Coco Feng

Coco Feng

Technology reporter based in Beijing, mainly covering apps, artificial intelligence and life science.

Coco Feng is a Beijing-based technology reporter at the Post. Previously, she worked for the BBC and Caixin Global in the capital city, covering health care, consumers and entertainment.

Location
Beijing
Language spoken
English, Mandarin
Areas of Expertise
Technology, entertainment, life science
Beijing abandons 2020 economic growth target
In a break with the past, the Chinese government will not set a target for its economic growth this year, Premier Li Keqiang said on Friday. The decision underscores the uncertainty facing the world’s most populous country brought on by the coronavirus pandemic and worsening US-China relations.  Li announced the decision during the opening session of China’s annual parliamentary gathering, which was delayed for two months due to the Covid-19 outbreak.  China has set a hard target for its gross domestic product growth every year since 1994. Li attributed the move to scrap the 2020 target to “the great uncertainty regarding the Covid-19 pandemic and the world economic and trade environment.”
More people downloaded this Chinese app than Facebook
TikTok, the Chinese-owned short video platform popular among American teens, and Douyin, the domestic version of the service, became the world’s second-most downloaded app last year, according to market analyst Sensor Tower. TikTok and Douyin amassed a combined 740 million downloads last year, overtaking Facebook and Messenger, trailing only WhatsApp (which, like the Messenger app, is also owned by Facebook). As one of the rare Chinese-owned services that took off overseas, TikTok’s rise in the US has been met with pressure from lawmakers over national security concerns and alleged censorship.  The scrutiny has come at a time of mounting skepticism in Washington over China’s rising global in
‘China’s Facebook’ launches its Hail Mary comeback attempt
Zeng Mou, who lives in Guangxi, in the southwest of China, first got his Renren account in 2006.  The Chinese social networking site was part of daily life for the college student, who would regularly post photos and engage with his friends on the platform. Fourteen years down the road, the now 33-year-old civil servant still logs on daily “just out of habit,” but there is hardly anyone to engage with. “Nobody uses it,” he said of the once-popular platform that was known as “China’s Facebook.” Old-timers like Zeng, who have been hoping for the revival of the platform, have some reason to cheer now.  Renren launched its first social networking mobile app last Monday in a bid to attract new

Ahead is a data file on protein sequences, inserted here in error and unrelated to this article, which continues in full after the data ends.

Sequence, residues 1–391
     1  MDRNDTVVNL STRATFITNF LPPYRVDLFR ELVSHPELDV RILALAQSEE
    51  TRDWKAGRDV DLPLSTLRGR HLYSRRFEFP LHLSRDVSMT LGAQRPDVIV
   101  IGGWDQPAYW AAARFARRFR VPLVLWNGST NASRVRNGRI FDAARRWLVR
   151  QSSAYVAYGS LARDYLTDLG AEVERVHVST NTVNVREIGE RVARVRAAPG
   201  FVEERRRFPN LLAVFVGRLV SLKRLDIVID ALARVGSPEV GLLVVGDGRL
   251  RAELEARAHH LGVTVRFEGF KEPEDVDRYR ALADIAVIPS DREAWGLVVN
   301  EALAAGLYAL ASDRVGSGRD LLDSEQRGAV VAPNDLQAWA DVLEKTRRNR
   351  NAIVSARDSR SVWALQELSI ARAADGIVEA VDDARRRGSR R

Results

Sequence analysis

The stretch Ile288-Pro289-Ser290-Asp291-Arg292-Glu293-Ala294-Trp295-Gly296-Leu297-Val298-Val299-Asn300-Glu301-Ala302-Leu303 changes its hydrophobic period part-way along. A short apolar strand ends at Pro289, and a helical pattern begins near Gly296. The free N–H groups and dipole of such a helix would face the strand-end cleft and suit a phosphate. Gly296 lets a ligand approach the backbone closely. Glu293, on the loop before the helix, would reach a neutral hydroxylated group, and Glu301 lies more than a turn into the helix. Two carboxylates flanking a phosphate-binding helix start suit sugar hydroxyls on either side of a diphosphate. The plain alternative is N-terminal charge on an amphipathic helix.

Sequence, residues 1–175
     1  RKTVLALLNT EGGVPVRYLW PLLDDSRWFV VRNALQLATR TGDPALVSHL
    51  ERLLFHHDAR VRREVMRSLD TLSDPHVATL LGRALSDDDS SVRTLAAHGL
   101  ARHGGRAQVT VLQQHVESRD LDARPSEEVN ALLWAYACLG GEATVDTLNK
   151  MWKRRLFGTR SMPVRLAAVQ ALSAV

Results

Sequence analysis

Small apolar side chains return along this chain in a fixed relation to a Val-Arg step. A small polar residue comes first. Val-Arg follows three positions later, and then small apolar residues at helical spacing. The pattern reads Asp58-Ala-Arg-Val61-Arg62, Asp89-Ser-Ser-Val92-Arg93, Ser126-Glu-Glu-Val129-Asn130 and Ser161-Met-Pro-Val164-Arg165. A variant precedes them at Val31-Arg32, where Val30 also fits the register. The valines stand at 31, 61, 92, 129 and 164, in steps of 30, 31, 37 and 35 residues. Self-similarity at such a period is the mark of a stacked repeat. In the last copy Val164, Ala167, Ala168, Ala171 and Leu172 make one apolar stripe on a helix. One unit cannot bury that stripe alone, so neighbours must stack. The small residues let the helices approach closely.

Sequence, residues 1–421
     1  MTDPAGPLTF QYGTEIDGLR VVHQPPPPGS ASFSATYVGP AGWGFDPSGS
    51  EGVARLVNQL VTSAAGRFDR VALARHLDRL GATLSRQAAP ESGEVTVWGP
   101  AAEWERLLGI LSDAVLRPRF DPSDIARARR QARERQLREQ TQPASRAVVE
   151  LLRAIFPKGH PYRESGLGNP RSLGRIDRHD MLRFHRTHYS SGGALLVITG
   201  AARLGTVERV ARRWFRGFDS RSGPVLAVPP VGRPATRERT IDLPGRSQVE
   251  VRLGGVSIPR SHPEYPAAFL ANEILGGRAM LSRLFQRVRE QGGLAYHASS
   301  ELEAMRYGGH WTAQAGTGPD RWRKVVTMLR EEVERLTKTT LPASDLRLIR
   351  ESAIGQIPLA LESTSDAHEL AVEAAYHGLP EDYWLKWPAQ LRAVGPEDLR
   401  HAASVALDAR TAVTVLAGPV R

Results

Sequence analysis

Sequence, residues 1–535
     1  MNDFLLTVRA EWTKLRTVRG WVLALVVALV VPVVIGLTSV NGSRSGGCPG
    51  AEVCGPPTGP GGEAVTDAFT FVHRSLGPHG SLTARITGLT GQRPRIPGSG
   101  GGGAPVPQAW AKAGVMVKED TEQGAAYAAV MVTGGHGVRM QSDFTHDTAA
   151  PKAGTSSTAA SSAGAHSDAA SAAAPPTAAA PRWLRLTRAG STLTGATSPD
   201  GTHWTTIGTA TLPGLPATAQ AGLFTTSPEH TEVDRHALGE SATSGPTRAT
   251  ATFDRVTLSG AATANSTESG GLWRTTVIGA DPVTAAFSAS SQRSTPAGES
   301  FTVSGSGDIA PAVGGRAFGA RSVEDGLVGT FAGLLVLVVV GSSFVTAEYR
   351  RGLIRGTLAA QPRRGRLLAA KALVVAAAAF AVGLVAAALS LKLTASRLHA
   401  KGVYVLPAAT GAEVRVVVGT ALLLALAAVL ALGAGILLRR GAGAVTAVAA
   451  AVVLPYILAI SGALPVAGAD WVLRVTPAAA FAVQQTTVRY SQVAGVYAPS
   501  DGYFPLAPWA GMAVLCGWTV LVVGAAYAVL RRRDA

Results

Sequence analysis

How the smartphone completely transformed China in a decade
When finance industry employee Ringo Li relocated back to Beijing from Tokyo in 2010, he brought along his first smartphone – an iPhone 3G. Although one of the most advanced handsets available at the time, it was mainly used for text messages and phone calls, and occasional internet-surfing where Wi-fi was available. Life was mostly offline back then. Li would go to restaurants to order food, pay bills with cash and hail a taxi with an outstretched arm standing on the roadside. Fast forward 10 years and Li’s life has completely changed. No longer in finance, he communicates via WeChat and uses apps on his iPhone XS to order food, hail taxis, pay bills and shop. Most of the apps that permeate
A year after scandal in China, gene-editing technology advances
At the end of 2018, Chinese researcher He Jiankui roiled the scientific world by announcing he had helped make the world’s first gene-edited babies, altering the DNA of Chinese twin girls to try to make them resistant to HIV, the virus that causes Aids. The scandal brought attention to the scientific, ethical, social and legal challenges of research into gene editing, with a panel convened by the World Health Organization (WHO) director-general saying in March that it would be “irresponsible” for scientists to use gene editing for reproductive purposes. Beijing has since tightened its laws on genetic engineering, drafting new rules in the past year to tackle the previously loosely regulated
This AI bot scans social media to help prevent suicides
Wang Le’s bedroom is dim and silent, the curtains tightly drawn. The only sounds come from mouse clicks and a clattering keyboard. Wang has a social phobia that has made it challenging to live and work like a normal person for nearly a decade. The internet has been his only connection to the outside world.  It even saved his life. Wang’s phobia was so severe that, to feed himself, he had to rely on his relatives to leave food at his front gate. Even ordering takeout by phone was overwhelming.  In the spring, he contemplated suicide but hesitated. Afraid of death, but also afraid of life, he shared his despair on Weibo, a popular Twitter-like social platform in China. “Are you OK?” a stranger